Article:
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As PSG and Man City continue to feel the FFP heat, La Liga bosses demand UEFA act now

money

By Andrew Warshaw

November 7 – Spanish league chiefs have called on UEFA to punish Paris St Germain and Manchester City following the latest explosive leaked documents about their financial activities.

As Der Spiegel’s revelations over how both clubs allegedly circumvented financial fair play rules continue to reverberate across European football, La Liga officials say they will launch a formal complaint if UEFA – which sanctioned the two clubs in 2014 but has so far been reluctant to intervene over the latest claims – fail to take action.

Documents leaked to Der Spiegel and other media from the Football Leaks’ whistleblowing website purport to show the two clubs had inflated sponsorship revenues to meet FFP requirements. UEFA’s rules are intended, among other things, to prevent exactly that.

La Liga president Javier Tebas has long spoken out against Manchester City and PSG describing their conduct as financial doping and La Liga spokesman Joris Evers told Reuters and the BBC the time for action is needed.

“The Football Leaks documents appear to confirm what we have been saying for years. Both PSG and Manchester City are cheating and should be sanctioned,” said Evers.

“We certainly hope UEFA will take the right decisions and enforce Financial Fair Play rules, but we don’t have full confidence that they will. Should UEFA fail to act, we will do what we have said before: launch a complaint with European Union competition authorities.”

The leaked documents appear to show that tens of millions of pounds that were supposed to have come from City’s sponsors Etihad Airways was paid directly to the club by the owners.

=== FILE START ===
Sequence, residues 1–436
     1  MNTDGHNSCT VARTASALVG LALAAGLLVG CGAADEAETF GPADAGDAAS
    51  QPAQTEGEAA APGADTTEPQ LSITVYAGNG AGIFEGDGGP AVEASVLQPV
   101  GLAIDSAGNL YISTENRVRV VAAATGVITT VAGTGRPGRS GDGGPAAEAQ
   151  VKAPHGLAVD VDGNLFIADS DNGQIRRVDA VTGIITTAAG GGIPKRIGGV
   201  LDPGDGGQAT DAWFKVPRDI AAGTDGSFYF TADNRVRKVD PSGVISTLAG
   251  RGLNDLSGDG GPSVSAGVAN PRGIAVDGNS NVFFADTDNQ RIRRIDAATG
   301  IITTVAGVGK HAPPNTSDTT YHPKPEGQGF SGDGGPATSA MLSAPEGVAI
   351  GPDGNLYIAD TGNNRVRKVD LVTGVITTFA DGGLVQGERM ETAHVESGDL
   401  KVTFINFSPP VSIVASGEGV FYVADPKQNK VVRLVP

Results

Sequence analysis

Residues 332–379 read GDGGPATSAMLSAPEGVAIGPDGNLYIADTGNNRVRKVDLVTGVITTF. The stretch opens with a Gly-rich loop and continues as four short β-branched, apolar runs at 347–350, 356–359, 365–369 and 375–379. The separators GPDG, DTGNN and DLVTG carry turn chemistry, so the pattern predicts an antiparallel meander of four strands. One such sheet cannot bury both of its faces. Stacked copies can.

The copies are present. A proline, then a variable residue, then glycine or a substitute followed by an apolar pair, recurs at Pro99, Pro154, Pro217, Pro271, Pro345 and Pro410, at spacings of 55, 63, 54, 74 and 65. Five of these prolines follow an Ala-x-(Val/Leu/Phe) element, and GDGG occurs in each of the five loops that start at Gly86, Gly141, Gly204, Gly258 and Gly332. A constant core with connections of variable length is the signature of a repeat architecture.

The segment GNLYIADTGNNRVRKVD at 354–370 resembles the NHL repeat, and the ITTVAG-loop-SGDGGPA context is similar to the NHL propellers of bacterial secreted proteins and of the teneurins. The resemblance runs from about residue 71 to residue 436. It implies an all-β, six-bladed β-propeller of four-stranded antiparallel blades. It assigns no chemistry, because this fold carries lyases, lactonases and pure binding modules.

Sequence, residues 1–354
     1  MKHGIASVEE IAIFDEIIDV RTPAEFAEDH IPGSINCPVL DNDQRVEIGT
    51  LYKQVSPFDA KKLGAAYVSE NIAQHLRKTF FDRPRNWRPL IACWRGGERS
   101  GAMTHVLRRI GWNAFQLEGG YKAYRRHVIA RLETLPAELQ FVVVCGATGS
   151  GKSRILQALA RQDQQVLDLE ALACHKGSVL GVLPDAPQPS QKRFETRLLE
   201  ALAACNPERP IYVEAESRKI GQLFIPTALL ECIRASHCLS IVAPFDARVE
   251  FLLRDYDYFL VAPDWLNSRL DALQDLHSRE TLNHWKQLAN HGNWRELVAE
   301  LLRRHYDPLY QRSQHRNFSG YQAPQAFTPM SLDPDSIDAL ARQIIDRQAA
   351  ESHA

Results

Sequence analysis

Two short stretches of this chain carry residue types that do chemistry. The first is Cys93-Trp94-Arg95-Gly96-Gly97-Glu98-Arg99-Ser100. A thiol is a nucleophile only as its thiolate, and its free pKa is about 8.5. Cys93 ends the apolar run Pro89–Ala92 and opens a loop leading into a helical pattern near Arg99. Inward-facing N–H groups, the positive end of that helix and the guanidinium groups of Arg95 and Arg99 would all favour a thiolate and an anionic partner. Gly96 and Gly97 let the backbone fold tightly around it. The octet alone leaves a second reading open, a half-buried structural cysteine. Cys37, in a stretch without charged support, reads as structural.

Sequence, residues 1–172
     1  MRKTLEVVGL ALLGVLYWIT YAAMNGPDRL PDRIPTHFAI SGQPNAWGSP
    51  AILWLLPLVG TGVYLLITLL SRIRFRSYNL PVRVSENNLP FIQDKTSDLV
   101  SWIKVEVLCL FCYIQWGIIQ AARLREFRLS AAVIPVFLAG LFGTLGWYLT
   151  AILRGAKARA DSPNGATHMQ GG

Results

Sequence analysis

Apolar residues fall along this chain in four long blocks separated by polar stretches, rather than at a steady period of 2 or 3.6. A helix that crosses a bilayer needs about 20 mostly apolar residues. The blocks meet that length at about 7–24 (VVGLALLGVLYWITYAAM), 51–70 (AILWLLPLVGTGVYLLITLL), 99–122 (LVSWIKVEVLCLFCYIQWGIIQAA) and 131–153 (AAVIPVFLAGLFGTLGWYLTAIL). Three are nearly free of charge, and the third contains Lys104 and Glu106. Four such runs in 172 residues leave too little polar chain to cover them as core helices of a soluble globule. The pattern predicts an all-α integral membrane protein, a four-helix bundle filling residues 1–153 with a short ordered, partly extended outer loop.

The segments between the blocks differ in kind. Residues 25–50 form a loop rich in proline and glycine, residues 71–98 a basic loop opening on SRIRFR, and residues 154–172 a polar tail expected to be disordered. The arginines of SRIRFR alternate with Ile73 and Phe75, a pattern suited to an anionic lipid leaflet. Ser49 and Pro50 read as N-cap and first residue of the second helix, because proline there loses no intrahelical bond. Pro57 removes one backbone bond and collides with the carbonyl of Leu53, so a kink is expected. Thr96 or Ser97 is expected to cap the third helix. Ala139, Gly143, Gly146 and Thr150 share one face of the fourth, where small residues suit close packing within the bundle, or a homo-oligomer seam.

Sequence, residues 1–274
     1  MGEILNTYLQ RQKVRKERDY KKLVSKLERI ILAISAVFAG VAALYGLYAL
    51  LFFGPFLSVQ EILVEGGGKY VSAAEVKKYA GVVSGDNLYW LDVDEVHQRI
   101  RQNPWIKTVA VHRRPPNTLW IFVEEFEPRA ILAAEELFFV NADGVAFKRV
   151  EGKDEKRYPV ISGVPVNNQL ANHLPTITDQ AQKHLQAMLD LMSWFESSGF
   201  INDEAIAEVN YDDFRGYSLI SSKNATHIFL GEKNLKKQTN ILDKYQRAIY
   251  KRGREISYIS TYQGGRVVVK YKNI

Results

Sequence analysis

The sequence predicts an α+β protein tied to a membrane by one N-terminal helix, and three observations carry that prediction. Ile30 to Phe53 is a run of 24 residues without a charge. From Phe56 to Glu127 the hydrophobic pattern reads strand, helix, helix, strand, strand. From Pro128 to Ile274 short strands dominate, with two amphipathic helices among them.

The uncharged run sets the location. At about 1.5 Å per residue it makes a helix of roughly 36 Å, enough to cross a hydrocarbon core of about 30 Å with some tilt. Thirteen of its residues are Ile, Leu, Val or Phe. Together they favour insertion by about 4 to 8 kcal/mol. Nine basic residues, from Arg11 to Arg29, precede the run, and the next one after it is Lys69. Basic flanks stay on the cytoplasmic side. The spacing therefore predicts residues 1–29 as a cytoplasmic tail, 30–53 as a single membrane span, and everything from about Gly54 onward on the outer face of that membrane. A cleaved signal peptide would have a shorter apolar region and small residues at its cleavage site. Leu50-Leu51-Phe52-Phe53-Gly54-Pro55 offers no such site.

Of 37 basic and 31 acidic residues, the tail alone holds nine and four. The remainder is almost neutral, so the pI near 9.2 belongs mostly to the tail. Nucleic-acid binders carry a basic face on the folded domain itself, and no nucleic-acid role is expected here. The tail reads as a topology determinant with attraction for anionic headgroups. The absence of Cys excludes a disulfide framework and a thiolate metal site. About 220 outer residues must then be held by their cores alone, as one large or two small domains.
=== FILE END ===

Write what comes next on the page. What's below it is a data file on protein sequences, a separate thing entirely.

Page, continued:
In its latest claims, Der Spiegel says City used “creative solutions” including selling players’ image rights to an external company, therefore writing off that cost from their accounts.

City have not commented on the stream of claims, which are to continue for two more days, beyond referring to a statement they issued last week in which the Abu Dhabi-owned club said it would “not be providing any comment on out of context materials purported to have been hacked or stolen from City Football Group and Manchester City personnel and associated people. The attempt to damage the Club’s reputation is organised and clear.”

PSG likewise issued a statement on Friday saying it “has always acted in full compliance with the laws.” PSG have already launched an appeal to the Court of Arbitration for Sport (CAS) against UEFA’s re-opened financial fair play investigation.

At stake in the entire debate is whether City and PSG are being up front and honest.  UEFA’s rules are designed to encourage clubs to live within their means and prevent fatcat owners, many of them with unlimited funds, from buying their way to success to the detriment of less affluent rivals.

Asked whether this is what City had been doing, manager Pep Guardiola said there was a lot more to it than that.

Defending the Premier League champions as ‘incredibly professional’ in response to allegations they bent financial fair play rules, he added:  “Of course, like many, many clubs around the world they have a lot of money, but they are also an incredible club. Incredible people working here, and how professional they are in all the departments.”

Further reading: Matt Scott: Why FFP is right and proper, whatever City fans might say 

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